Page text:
Thursday, June 2, 2011

Vargas Llosa, Carlos Fuentes and other persons asking to legalize cannabis

A committee formed by former Latin American presidents and other personalities such as writers Carlos Fuentes and Mario Vargas Llosa called for legalizing certain drugs such as cannabis and to fight drug trafficking, through a report released Wednesday. "Fifty years after the start of the Single Convention on Narcotic Drugs (1961) and forty since President (Richard) Nixon launched by the U.S.

government's global war against drugs, there is urgent fundamental reforms global and national policies of control, "said former Brazilian President Fernando Henrique Cardoso. "Let's start, he added, treating drug addiction as a health issue, reducing demand for drugs through education initiatives and proven, rather than criminalize, regulate the cannabis legally." Former Brazilian president named chairman of the global commission on drug policy that values responsible for the report of "failed" policies carried out so far in many countries, such as the criminalization of drug users, producers and small traders.

"We can no longer ignore the violence, crime and corruption in Latin America for the drug are the result of the failure of policies to combat it," he said on his part the former president of Colombia, Cesar Gaviria, also a member of the commission. "Now is the time to break the taboo and discuss other policy options, including alternatives to drug prohibition," said Gaviria.

Along with Fuentes, Vargas Llosa, Cardoso and Gaviria, the committee responsible for the report consists of 15 other members, such as former President of Mexico, Ernesto Zedillo, former UN secretary general, Kofi Annan, the founder of Virgin Group Richard Branson, former High Commissioner for UN Human Rights, Louise Arbour, former representative of Foreign Affairs of the European Union, Javier Solana, and former president of the U.S.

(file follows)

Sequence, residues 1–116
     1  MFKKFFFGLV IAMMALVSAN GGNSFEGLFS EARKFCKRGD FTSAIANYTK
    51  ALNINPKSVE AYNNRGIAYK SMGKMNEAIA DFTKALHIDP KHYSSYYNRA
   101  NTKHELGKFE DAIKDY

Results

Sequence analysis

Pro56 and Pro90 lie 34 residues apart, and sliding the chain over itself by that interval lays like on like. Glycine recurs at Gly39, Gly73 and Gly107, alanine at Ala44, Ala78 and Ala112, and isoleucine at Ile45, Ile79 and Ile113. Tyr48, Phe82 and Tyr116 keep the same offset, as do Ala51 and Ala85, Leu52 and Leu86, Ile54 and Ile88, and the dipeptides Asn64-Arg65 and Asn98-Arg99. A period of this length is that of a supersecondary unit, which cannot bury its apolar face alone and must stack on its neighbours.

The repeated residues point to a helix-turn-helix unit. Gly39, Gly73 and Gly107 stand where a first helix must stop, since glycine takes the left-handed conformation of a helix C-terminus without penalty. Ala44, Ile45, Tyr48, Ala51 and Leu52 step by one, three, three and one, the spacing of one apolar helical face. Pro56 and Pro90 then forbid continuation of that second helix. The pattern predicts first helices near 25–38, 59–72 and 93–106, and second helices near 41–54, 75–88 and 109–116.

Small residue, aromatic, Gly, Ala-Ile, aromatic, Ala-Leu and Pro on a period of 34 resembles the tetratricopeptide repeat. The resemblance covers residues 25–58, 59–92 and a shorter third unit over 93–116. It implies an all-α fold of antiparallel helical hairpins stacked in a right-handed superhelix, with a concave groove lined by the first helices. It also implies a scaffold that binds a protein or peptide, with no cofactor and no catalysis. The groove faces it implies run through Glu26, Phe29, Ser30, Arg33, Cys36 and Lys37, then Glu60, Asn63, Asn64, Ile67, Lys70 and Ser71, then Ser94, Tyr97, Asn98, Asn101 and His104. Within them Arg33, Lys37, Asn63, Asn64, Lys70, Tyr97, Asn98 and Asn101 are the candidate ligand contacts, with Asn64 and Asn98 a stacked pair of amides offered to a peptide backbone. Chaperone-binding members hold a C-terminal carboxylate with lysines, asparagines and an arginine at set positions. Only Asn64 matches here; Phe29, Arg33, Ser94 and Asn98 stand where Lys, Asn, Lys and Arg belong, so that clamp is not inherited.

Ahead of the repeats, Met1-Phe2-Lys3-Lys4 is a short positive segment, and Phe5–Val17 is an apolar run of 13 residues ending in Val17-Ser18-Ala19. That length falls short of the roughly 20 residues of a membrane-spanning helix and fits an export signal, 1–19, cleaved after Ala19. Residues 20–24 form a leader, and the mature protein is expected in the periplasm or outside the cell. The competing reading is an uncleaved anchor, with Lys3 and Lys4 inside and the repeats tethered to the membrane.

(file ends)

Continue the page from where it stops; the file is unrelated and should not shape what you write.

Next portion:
Federal Pre-Order, Paul Volcker. The document, the first such high performing individuals, has several recommendations. On the one hand, calls for "review" the international list of banned drugs has been "obvious abnormalities were categorized as failure to cannabis, coca leaf and ecstasy." On the other hand, it is left to criminalize and stigmatize drug addicts and drug growers, drug dealers or small scale.

"Many are the victims of violence and intimidation or are drug addicts." "Arresting and jailing tens of millions of them in recent decades have led to fill the prisons and have destroyed lives and families without having reduced the supply of illicit drugs and the power of criminal organizations." In this sense, the document points to several countries such as Portugal forward, who after his policy of "decriminalization" conducted from July 2001 to those who consume or possess any type of drug, there was an increase in consumption.

It also gives an example of Holland or Australia. Among other recommendations, the report calls for investment in prevention programs for youth education, "avoiding simplistic messages like 'just say no' or 'zero tolerance'."

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